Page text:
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Published Peer Review: True or False Answers

Signed and published peer review improves specific areas of feedback, such as comments on methods and comments with substantiating evidence. 

Correct! It is true that research has found improvements in specific areas like constructive feedback, comments on methods, length of review, and substantiating evidence to support the comments (Kowalczuk, 2013; Walsh, 2000; Bornmann, 2012; Mehmani, 2016). The open process of signed and published peer review encourages mutual respect and an openness to feedback.

While two studies by BMJ have found no difference in the overall quality between reviewer comments in conventional and open peer review systems (Van Roonen, 2001; van Rooyen, 2010), other research has found that specific areas of feedback do improve. It is true that improvement has been found in comments on methods and comments with substantiating evidence, as well as the length of reviews (Kowalczuk, 2013; Walsh, 2000; Bornmann, 2012; Mehmani, 2016).

All journals that have implemented signed and published peer review have reported a drop in reviewer acceptance rates. 

Requiring signed peer review led to a 1999 BMJ study that reported reviewers were 12% more likely to decline those invitations (van Rooyen, 1999). However, this reluctance appears to have decreased since then. It is false that all journals have reported a drop in reviewer acceptance rates after implementing signed and published peer review. For example, the EMBO Journal reported stable rates through their implementation (Pulverer, 2010).

It is false that all journals have dealt with a decreased ratio of reviewer acceptances. The EMBO Journal reported stable reviewer acceptance rates when implementing signed and published peer review (Pulverer, 2010). While technically a drop in their ratio, The European Journal of Neuroscience found that only 18 of 3293 invited reviewers declined due to signed peer review (Bolam, 2017). In general, researchers seem much more accepting of open peer review than in 1999, when a BMJ study reported that reviewers were 12% more likely to decline  (van Rooyen, 1999).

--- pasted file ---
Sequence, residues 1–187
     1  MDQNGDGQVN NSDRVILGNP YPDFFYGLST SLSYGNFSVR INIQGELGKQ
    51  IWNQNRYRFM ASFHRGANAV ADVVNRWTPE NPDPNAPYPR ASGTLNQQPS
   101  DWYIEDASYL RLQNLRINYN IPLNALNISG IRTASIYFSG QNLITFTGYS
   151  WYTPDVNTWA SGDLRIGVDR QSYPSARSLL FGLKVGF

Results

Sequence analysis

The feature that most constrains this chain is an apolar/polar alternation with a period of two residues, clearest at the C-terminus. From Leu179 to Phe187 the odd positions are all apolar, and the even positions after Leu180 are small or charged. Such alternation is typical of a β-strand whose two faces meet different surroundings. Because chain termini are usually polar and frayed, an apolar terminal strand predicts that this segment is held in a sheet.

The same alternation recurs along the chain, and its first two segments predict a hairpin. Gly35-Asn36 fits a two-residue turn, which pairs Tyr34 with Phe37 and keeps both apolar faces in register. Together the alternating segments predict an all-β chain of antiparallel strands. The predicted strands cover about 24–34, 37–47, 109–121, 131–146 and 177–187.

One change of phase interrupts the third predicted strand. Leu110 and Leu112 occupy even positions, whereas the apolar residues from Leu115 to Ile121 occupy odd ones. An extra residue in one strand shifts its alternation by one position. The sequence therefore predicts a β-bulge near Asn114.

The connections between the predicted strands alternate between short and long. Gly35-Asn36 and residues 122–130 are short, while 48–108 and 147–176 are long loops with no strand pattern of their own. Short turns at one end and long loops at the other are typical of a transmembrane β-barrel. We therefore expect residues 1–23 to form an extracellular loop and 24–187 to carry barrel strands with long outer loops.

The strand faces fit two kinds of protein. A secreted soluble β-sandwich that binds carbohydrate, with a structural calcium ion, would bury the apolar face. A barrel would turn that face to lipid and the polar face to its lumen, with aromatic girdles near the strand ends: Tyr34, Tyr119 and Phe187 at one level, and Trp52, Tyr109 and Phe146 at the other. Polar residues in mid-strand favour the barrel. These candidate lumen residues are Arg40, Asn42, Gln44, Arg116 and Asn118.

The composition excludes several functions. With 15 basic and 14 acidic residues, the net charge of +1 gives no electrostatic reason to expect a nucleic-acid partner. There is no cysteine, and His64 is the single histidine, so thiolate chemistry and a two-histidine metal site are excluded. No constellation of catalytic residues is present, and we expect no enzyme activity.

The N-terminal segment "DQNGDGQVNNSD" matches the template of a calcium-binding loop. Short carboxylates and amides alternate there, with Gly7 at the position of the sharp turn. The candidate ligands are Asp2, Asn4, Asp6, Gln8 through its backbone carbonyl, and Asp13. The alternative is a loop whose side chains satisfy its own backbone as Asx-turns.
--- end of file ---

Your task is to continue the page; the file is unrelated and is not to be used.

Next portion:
Citations

Bolam, P. (2017, September 14). Transparent Review at the European Journal of Neuroscience: Experiences One Year On, [Blog post].

Bornmann, L., Wolf, M. & Daniel, H.D. (2012). Closed versus open reviewing of journal manuscripts: How far do comments differ in language use? Scientometrics, 91(3): 843-856.

Justice A.C., Cho M.K., Winker M.A., Berlin J.A., Rennie D. (1998). Does masking author identity improve peer review quality? A randomized controlled trial, JAMA. 280(3):240-2.

Kowalczuk, M.K , Dudbridge, F. , Nanda, S., Harriman, S.L., & Moylan, E.C. (2013). A comparison of the quality of reviewer reports from author-suggested reviewers and editor-suggested reviewers in journals operating on open or closed peer review models. F1000Research.

Pulverer, B. (2010). A transparent black box. The EMBO Journal, 29(23):3891-3892.

Ross-Hellauer, T. (2017). What is open peer review? A systematic review [version 2; peer review: 4 approved]. F1000Research, 6:588 

van Rooyen, S., Godlee, F., Evans, S., Smith, R., Black, N. (1998) Effect of blinding and unmasking on the quality of peer review: a randomized trial. JAMA, 280(3):234-7.

van Rooyen, S., Godlee, F., Evans, S., Black, N., & Smith, R. (1999, Jan 2). Effect of open peer review on quality of reviews and on reviewers’ recommendations: a randomised trial. BMJ, 318(7175):23-7.

van Rooyen, S., Delamothe, T. & Evans, S.J. (2010). Effect on peer review of telling reviewers that their signed reviews might be posted on the web: randomised controlled trial. BMJ, 341:5729. 

Walsh, E. Rooney, M. & Wilinson, G. (2000). Open peer review: a randomised controlled trial. British Journal of Psychiatry, 176:47-51.

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